Sylvester Stallone never courted as much controversy as he did with the screen violence of the Rambo
trilogy. From 1982 to 1988, they kept his name above Schwarzenegger's in the muscle hero league, with "Rambo" becoming a descriptive phrase in the language to describe gung-ho aggression (in Japanese, "rambo" means "violence"). The strangest part of the character's success is that originally he had none. Both David Morrell's novel
and the original incarnation of First Blood
had the Vietnam vet committing suicide after his rampage through small town America. The un-Hollywood ending was changed when Stallone and the producers recognised here was a character with possibilities.
First Blood: Part II was co-written by James (Titanic) Cameron, a man who has always recognised box office possibilities. Stallone took a very relevant (to 1985) issue of surviving POWs and created an alternative end to the Vietnam War. This was achieved courtesy of the Cold War animosity that still existed towards the Russians, embodied in a suitably vile cameo from Steven Berkoff. A little love interest helped ground the movie and prevent it from completely turning into a video game, as did the best of Jerry Goldsmith's stirring scores for the trilogy.
After saving himself and then his Country, Rambo III was simply about saving his friend Richard Crenna. The code of honour was by this point watered down into a song lyric, "He Ain't Heavy, He's My Brother". Nevertheless the final instalment continues to say something about the indomitable American spirit that will not accept defeat lightly. Patriotism may never have been portrayed quite so bloodily before Rambo's arrival, but at least a generation learned to question attitudes to war veterans, as well as the benefits of carrying a compass in your hunting knife.
On the DVD: The Rambo trilogy on disc brings together all three movies in crisp 2.35:1 widescreen transfers. Sadly the extras are a little thin considering how much more was on the old Laser Discs. The first film has but a trailer; the third has a few minutes of behind the scenes material; the second has quite a few mini-documentaries that could really have done with being edited together, and having repeated interviews cut out. But there's still fun to be had hearing how deep and meaningful the movies were in conception.--Paul Tonks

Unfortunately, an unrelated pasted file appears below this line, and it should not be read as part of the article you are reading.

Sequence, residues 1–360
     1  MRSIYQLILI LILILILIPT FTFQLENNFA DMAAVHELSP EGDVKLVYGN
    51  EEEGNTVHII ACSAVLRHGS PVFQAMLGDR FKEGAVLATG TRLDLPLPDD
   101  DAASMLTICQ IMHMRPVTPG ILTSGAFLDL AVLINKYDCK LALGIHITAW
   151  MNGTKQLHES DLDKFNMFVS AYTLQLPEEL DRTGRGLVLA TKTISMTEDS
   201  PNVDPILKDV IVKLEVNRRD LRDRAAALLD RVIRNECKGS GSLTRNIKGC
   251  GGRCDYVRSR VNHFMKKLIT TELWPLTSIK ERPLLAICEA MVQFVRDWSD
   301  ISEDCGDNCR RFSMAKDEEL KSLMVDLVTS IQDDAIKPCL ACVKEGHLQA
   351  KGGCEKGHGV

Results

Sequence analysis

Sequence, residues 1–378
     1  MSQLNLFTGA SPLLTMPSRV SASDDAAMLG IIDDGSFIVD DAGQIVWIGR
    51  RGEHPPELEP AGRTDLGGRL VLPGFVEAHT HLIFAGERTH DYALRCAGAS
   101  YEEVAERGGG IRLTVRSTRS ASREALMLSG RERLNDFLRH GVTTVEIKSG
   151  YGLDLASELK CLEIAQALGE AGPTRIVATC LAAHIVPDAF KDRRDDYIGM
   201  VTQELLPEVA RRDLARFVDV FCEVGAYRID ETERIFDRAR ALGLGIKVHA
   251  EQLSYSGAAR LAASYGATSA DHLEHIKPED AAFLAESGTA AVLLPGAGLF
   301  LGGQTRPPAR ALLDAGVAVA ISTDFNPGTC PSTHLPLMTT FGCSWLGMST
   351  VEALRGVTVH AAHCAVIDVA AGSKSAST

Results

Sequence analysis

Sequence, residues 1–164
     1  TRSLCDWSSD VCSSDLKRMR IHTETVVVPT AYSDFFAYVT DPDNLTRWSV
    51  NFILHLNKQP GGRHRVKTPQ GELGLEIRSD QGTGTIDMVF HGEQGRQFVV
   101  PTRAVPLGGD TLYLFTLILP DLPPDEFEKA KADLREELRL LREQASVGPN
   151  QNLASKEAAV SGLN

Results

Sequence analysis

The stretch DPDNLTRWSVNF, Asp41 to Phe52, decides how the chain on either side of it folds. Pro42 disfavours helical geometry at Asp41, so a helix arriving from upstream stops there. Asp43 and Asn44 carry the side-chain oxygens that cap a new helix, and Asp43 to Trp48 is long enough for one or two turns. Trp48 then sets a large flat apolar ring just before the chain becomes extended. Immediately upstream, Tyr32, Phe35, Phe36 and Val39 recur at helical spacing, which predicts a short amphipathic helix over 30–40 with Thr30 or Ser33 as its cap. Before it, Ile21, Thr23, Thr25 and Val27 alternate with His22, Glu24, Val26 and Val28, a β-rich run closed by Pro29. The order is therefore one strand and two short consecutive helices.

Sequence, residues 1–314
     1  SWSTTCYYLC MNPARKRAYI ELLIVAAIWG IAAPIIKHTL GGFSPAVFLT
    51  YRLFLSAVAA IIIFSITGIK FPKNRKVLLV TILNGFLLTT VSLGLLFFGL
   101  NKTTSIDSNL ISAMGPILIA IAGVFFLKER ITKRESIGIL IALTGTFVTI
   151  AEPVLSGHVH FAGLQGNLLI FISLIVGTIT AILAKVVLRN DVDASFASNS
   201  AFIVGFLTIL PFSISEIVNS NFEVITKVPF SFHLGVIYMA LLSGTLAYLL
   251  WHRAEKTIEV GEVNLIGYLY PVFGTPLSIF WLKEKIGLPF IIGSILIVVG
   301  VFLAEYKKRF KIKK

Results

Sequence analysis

Box set containing the entire Rambo saga. In 'First Blood', disturbed Vietnam vet John Rambo (Sylvester Stallone) spends his days wandering from town to town, searching out his old service colleagues. When he resists a local sheriff's attempts to make him leave town, he is arrested for vagrancy. While in prison Rambo is forced to endure the abuse of a sadistic deputy, until he escapes and takes to the woods, relying on his old army skills to survive. In 'Rambo - First Blood Part 2', Rambo is again serving time in a federal prison when his old commander, Colonel Trautman (Richard Crenna), arranges his release. A group of American soldiers are still being held as prisoners of war in Vietnam, and Trautman wants Rambo to return to the killing fields on a daring rescue mission. In 'Rambo 3', Rambo has entered a Buddhist monastery in a bid to find inner peace. However, when his friend and mentor Colonel Trautman is captured in war-torn Afghanistan, Rambo sets out to save him.